Madeira, G., Montmirail, C. h., Decat, M., & Gersdorff, M. (2007). [TRT: results after one year treatment]. Revue De Laryngologie - Otologie - Rhinologie, 128(3), 145-8.
Madeira G, et al. [TRT: Results After One Year Treatment]. Rev Laryngol Otol Rhinol (Bord). 2007;128(3):145-8. PubMed PMID: 18323325.
* Article titles in AMA citation format should be in sentence-case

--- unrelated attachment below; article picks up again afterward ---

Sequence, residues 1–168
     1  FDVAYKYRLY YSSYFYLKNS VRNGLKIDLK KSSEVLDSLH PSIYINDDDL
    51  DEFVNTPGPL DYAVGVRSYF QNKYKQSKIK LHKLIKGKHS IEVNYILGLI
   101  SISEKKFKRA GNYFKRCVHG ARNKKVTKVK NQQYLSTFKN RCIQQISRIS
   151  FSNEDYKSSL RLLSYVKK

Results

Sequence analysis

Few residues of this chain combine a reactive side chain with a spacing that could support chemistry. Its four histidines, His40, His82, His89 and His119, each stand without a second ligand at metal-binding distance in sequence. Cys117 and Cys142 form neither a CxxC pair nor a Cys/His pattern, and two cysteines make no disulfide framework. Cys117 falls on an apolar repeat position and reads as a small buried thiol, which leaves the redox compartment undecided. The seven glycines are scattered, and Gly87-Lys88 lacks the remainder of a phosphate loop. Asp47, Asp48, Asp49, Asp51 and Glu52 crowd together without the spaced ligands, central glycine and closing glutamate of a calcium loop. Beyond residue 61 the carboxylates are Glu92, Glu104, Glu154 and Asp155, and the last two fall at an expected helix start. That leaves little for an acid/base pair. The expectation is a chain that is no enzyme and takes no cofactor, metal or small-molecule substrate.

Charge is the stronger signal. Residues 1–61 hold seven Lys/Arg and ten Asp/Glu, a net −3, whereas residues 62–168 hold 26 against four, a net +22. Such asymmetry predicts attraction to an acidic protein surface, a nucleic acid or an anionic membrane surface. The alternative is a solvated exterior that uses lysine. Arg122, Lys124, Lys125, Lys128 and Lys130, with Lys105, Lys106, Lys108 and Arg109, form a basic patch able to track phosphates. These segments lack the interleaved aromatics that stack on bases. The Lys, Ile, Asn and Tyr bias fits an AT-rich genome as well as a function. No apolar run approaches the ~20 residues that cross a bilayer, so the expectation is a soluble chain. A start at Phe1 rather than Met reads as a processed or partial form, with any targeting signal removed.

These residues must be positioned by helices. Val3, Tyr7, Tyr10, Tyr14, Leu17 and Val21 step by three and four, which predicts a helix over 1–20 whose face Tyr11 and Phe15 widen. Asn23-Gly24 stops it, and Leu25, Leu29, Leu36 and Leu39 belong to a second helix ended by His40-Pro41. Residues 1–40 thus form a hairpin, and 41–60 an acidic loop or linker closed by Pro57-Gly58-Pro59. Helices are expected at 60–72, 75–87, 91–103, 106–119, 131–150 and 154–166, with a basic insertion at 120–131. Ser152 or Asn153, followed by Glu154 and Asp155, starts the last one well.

TY - JOUR T1 - [TRT: results after one year treatment]. AU - Madeira,G, AU - Montmirail,Ch, AU - Decat,M, AU - Gersdorff,M, PY - 2008/3/8/pubmed PY - 2008/4/26/medline PY - 2008/3/8/entrez SP - 145 EP - 8 JF - Revue de laryngologie - otologie - rhinologie JO - Rev Laryngol Otol Rhinol (Bord) VL - 128 IS - 3 N2 - INTRODUCTION: Tinnitus Retraining Therapy (TRT) (which aims to induce changes in the mechanisms responsible for transferring signals from the auditory system to the limbic and autonomic systems) is a method for treating Tinnitus and decreased sound tolerance. An individualised explanation of Jastreboff's neurophysiological model allows greater insight and motivation on the part of the patient. Previous studies have demonstrated that daytime TRT is effective. As sleep forms a significant component of the distress associated with Tinnitus however, we hypothesised that night-time TRT could represent a useful tool in the treatment of this disabling condition. MATERIAL AND METHODS: 46 patients were studied (30 male, 16 female). Patients were selected from an ENT outpatient clinic. Patients with significant psychological disability were excluded. Patients were reviewed twice by their doctor and 5 times by a therapist over 12 months. Treatment consisted of 8 hours nighttime white noise stimulation, at progressively increasing intensity. Although several objective assessments of response were undertaken, patients' subjective testimonies were considered a more accurate signal of success. RESULTS: In total, 80% of patients had a satisfactory response after 1 year of treatment. 20% had no response. Patients were subcategorised according to Jastreboff's categories as follows: 1. Tinnitus (n = 6), 100% improved; 2. Tinnitus with hearing loss (n = 16); 62% improved; 3. Hyperacusis (with or without Tinnitus) (n = 16), 88.5% improved; 4. Hyperacusis (with or without Tinnitus, exacerbated by noise) (n = 8), 75% improved. CONCLUSION: Tinnitus is a symptom rather than an illness, and TRT gives patients greater control, allowing re-integration of normal perception. Night-time TRT is an effective treatment for Tinnitus and decreased sound tolerance. It has the potential advantage over day-time TRT of rapidly improving sleep and decreasing use of sedative hypnotics, a secondary effect noted in the personal testimonies of our cohort of patients. Further studies are needed to confirm this advantage, in view of the significant risks associated with long-term use of benzodiazepines. When investigating therapies for Tinnitus, it is necessary to measure success in terms of quality of life, as it is to this that the patient attaches the most importance. SN - 0035-1334 UR - https://www.unboundmedicine.com/medline/citation/18323325/[TRT:_results_after_one_year_treatment]_ L2 - https://medlineplus.gov/tinnitus.html DB - PRIME DP - Unbound Medicine ER -